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The paradigm of obesity, diabetes mellitus and insulin resistance possibly plays a critical role in the pathogenesis of endometrial cancer (EC). Impaired glucose tolerance and insulin resistance may play a direct or facilitating role in the neoplastic transformation of the endometrium, whereas antidiabetic therapy, particularly with metformin, has been suggested to inhibit EC progression. We herein present the case of a patient with EC who received metformin monotherapy due to complications after undergoing surgery. At 45 months after the introduction of metformin treatment, the patient had no complaints and continued receiving metformin without signs of tumor recurrence. As metformin is widely used among diabetic patients and in ongoing clinical trials in cancer patients, the aforementioned results deserve further clinical investigation.
Endometrial cancer (EC) is the third most common gynecological malignancy worldwide, after breast and cervical cancers (1). While insulin resistance and diabetes mellitus (DM) may facilitate the initiation and progression of EC, effective DM control has been suggested to prevent or modulate EC (2). Metformin is an oral insulin-sensitizing agent used as first-line therapy for type 2 DM (3). As shown in a recent review, several in vitro and observational studies have evaluated the potential benefits of metformin in the prevention or treatment of gynecological cancers (4,5). In vitro data have demonstrated that metformin administration inhibits the growth and decreases the invasion and metastasis of EC cell lines (6,7). A multi-institutional study recently demonstrated that metformin use was associated with an improvement in the recurrence-free and overall survival of patients with EC (8). We herein describe the case of a patient with EC who was treated with metformin and remained disease-free during a long follow-up period.
A 79-year-old woman, gravida 1, para 0, presented with lower abdominal pain. The patient was examined in a gynecological clinic (September, 2012). Magnetic resonance imaging (MRI) revealed a mass sized ~4 cm in the endometrium (Fig. 1) and computed tomography (CT) revealed two 2-cm peritoneal disseminations (Fig. 2). The carbohydrate antigen-125 level was 53 ng/ml (normal range, <35 ng/ml), and the carcinoembryonic antigen level was 8.6 ng/ml (normal range, <5.0 ng/ml). The diagnosis was endometrial adenocarcinoma. The patient had a history of type 2 DM and hypertension, but was not obese (body mass index, 23.6 kg/m2). The HbA1c level (National Glycohemoglobin Standardization Program) was 9.1%, and the patient was treated with oral medications [sulfonylurea and dipeptidyl peptidase-4 (DPP-4) inhibitor].
The patient was referred to the Shimane University Hospital for treatment of the pelvic and abdominal masses, where she underwent modified radical hysterectomy, bilateral salpingo-oophorectomy, pelvic lymphadenectomy and abdominal mass resection. All identifiable masses were resected. Pathological examination revealed a stage IVB (International Federation of Gynecology and Obstetrics 2008), pT1aN0M1 endometrial serous adenocarcinoma.
Although adjuvant chemotherapy was planned, the postoperative follow-up was complicated by perforation of the digestive tract and severe inflammation of the peritoneum. To control glycemia, insulin was initially used, but it was replaced with metformin (250 mg once a day) and other oral medications (sulfonylurea and DPP-4 inhibitor) following discharge from the hospital. No further medical treatment was performed.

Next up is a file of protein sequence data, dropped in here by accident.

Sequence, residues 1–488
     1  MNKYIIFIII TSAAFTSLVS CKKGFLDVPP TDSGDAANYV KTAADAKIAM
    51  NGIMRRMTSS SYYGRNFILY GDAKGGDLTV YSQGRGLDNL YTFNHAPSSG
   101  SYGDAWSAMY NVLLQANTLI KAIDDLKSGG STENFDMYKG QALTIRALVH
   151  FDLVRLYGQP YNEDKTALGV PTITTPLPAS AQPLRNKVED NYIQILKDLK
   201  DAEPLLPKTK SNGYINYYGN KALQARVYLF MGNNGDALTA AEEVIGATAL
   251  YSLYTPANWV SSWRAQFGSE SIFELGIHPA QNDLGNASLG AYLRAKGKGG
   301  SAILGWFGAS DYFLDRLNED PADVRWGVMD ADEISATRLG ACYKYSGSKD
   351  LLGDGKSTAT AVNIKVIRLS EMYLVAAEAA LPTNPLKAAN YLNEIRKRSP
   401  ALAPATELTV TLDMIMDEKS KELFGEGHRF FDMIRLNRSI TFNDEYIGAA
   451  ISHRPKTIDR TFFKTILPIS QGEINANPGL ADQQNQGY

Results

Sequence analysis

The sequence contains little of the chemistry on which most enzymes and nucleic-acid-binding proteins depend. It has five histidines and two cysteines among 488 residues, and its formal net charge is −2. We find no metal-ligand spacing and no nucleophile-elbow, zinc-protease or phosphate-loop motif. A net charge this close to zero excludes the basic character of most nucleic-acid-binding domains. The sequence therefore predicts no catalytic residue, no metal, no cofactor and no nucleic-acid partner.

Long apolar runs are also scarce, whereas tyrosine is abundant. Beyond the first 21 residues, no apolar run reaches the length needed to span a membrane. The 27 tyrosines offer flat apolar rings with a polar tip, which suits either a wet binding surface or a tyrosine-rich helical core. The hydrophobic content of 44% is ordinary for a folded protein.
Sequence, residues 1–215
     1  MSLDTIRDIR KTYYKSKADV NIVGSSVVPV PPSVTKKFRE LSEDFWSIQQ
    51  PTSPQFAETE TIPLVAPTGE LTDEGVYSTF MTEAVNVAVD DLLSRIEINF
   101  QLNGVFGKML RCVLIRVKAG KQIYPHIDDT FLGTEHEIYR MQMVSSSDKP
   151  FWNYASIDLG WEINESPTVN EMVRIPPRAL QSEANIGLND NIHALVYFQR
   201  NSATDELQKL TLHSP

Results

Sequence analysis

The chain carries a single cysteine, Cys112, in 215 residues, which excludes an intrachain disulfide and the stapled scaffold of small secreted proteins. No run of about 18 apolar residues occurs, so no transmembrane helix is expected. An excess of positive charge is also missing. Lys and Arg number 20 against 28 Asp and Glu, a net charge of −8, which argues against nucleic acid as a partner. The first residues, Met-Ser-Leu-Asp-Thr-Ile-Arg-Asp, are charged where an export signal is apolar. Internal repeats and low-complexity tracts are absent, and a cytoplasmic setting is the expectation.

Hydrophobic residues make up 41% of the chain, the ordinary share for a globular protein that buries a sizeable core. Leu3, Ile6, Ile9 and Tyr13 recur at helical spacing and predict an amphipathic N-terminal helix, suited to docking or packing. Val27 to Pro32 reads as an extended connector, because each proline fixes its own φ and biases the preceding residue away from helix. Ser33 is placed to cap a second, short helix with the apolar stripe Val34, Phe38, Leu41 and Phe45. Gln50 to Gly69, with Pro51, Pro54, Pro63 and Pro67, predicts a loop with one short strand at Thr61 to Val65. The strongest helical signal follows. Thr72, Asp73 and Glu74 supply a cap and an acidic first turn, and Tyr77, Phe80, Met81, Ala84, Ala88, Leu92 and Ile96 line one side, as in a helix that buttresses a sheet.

After being discharged from the hospital, the patient did not exhibit elevated levels of tumor markers or any metastases on CT. At 45 months after the initial metformin treatment, the patient had no complaints and maintained a good quality of life, without signs of tumor progression.
The mechanism underlying the antitumor effect of metformin is considered to involve the activation of adenosine monophosphate-activated protein kinase and inhibition of the mammalian target of rapamycin, which reduces cell growth (9). Metformin arrests the cell cycle of EC cells, decreases human telomerase reverse transcriptase mRNA expression, and inhibits the phosphorylation of S6RP, resulting in the inhibition of signaling downstream of the mRNA pathway (10,11). Thus, in EC, cell cycle arrest by metformin has been observed in vitro, and inhibition of telomerase activity may be an important mechanism underlying the antitumor activity of this drug (10).
Clinical evidence on the effect of metformin on EC outcome is limited to retrospective data and does not generally account for the effects of multiple covariates, such as pathology, stage and treatment, on clinical outcome (12). It cannot be definitively concluded that patients who receive metformin are less likely to succumb to EC, as metformin may also reduce mortality from other causes (e.g., complications of diabetes and cardiovascular disease) (13).
In the present case, adjuvant chemotherapy and radiotherapy could not be administered, but the patient remained disease-free over a long period of time with metformin therapy alone. The contribution of complete surgical resection to this clinical benefit cannot be ruled out. Moreover, whether this was the natural course of EC in our patient remains unclear. Despite these limitations, this clinical case suggests that metformin is potentially beneficial in the prevention or treatment of EC. This finding deserves further validation in clinical studies (14–16).